This deal brings NASA's total investment in SNC to US$350 million. Along with Boeing and SpaceX, SNC is one of three commercial companies working on spacecraft using NASA seed money.
The funding has come piecemeal over the years as NASA supported individual phases of the Dream Chaser project, says Paul Streit, vice president of programs for SNC.
“Each phase has milestones with defined entry and exit criteria,” he says. “NASA reviews those milestones on scheduled dates. If we achieve the exit criteria, we get paid; if we don't meet the criteria, we don't get paid.”
Along with milestone reviews, the SNC team talks to or meets with NASA stakeholders on a weekly basis to update status, brainstorm problems and track progress against schedule and cost.
So far, the Dream Chaser project has been on time and on budget as it's achieved all of its targeted milestones, including test runs of the landing gear and other major system design work. The team measured the aerodynamic design with a full-scale flight test in which a helicopter lifted the Dream Chaser into the air via cables and took it through a series of banks.
Mr. Streit attributes the program's ongoing success to his team's rigorous adherence to project management processes and measures. “It's not just about checking things off a list,” he says. “We have a baseline plan, and if something is important to the plan, we track those results.”
SNC has also taken a design approach that addresses the biggest risks up front. For example, in spacecraft construction, the propulsion design is among the biggest challenges, so that part of the design was tackled early in the project.
“As we moved forward successfully with each phase, we reduced our risks through the system design,” Mr. Streit says.
NASA‘s demand for detail has also helped mitigate risks, he adds. His project team was required to lay out the entire Dream Chaser design and execution plan in detail during the bid and proposal process to accurately predict time and costs.
“It's not just about checking things off a list. We have a baseline plan, and if something is important to the plan, we track those results.”
—Paul Streit, Sierra Nevada Corporation, Sparks, Nevada, USA
Instead of relying on assumptions based on previous projects, the team took a bottom-up approach to defining design steps and estimating time and cost. For each step, team members interviewed experts, reviewed data, and discussed their expectations with engineers and suppliers to be sure they were as close to accurate as possible. Then they built in contingencies to cover unknown risks.
“When you take a bottom-up approach, it forces you to look at a lot more details, which takes a lot of uncertainty out of the process,” Mr. Streit says. “It takes more time, but every hour you spend up front can save hundreds of hours down the road fixing problems you missed during planning.”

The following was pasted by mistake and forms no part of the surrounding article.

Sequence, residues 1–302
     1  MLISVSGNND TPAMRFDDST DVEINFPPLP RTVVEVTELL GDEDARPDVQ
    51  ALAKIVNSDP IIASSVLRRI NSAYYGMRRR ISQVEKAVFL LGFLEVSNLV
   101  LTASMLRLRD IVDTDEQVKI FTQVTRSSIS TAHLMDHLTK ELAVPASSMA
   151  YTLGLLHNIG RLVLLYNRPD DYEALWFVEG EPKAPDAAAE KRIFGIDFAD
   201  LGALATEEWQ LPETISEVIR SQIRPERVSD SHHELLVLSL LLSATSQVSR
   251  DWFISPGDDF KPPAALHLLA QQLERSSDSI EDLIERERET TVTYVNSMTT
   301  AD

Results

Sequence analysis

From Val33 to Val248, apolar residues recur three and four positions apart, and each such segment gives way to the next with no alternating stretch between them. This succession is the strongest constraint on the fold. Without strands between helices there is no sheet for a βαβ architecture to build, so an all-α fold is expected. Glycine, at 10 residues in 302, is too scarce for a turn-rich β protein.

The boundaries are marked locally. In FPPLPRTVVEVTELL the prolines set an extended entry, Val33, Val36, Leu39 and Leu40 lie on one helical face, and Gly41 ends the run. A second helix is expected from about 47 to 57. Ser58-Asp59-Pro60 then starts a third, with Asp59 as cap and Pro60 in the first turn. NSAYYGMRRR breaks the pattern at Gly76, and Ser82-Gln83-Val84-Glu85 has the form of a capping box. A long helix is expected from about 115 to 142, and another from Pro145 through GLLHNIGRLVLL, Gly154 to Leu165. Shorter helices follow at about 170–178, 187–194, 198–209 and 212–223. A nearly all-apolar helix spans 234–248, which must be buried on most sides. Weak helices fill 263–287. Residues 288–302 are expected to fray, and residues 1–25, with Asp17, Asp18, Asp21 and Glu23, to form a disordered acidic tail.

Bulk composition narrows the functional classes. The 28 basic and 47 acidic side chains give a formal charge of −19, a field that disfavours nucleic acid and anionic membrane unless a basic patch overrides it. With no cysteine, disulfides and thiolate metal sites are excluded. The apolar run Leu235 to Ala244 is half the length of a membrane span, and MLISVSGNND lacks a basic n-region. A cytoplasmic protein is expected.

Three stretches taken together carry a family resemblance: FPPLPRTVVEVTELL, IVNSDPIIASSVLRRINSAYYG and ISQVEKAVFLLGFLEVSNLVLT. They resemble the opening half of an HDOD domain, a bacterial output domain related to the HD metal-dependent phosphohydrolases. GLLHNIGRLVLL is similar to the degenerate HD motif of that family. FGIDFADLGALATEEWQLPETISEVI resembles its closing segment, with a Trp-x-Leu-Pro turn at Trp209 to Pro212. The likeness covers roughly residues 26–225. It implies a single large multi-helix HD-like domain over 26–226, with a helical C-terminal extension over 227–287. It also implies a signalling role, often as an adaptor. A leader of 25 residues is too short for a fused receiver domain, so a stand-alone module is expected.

The Dream Chaser is on schedule to complete its first free-flight test with NASA‘s Dryden Flight Research Center in early 2013, and if all goes well, the spacecraft will be ready for commercial human-flight capability as early as 2016.
“With the continued effective project management SNC currently practices,” Mr. Streit says, “we will continue to achieve our program milestones on time and within budget, and ensure the Dream Chaser Space System is ready for commercial operation as committed to NASA.”
Processes, stakeholders and funding sources may be changing, but there's one constant across space projects both public and private: safety.
Safety of the vehicle, the space station and the crew are always top of mind for space agency stakeholders. Commercial companies must be able to demonstrate that the craft meets safety criteria through simulations, design documents and multiple physical tests.
“You have no idea how much effort we put into safety,” Ms. Rarick says.
The consequences of a failure can be immeasurable. When NASA's space shuttle Columbia broke up on re-entry in 2003, all seven astronauts aboard were killed. The shuttle program was put on hold for two years, and NASA's work on the ISS was delayed.
During milestone reviews, NASA partners must detail all of their safety components—including any intellectual property—and walk stakeholders through how craft operators will respond to potential crises, such as the craft colliding with the ISS during docking. These reviews are conducted by a team of engineers responsible for specific systems who can assess individual components of the craft; another review team ultimately approves the overall viability of the project.
NASA technicians at the Vandenberg Air Force Base in California, USA
“We use simulations to ensure that the teams and procedures are providing safe results,” Ms. Rarick says. “The simulations aren't always satisfactory, but that's why we do them—to improve.”
To further ensure that safety is paramount once a commercial spacecraft is operational, the requirement documents stipulate that NASA has authority over the craft once it nears the space station.
“When a craft is docking with the space station, the last thing we want to be worrying about is money,” Ms. Riding says. If a problem occurs during this critical step, NASA needs to be certain that safety is the only priority. “The operations team has no involvement in money, so it won't cloud our judgment.”
These ultimate controls give government space agencies the confidence to work with private-sector partners on large, complex and potentially dangerous projects.
“It's a paradigm shift for the space industry,” says Mr. Hale. “You need to move beyond your own small group. There is a whole different project mindset outside of government, and it's helping drive innovative solutions.” PM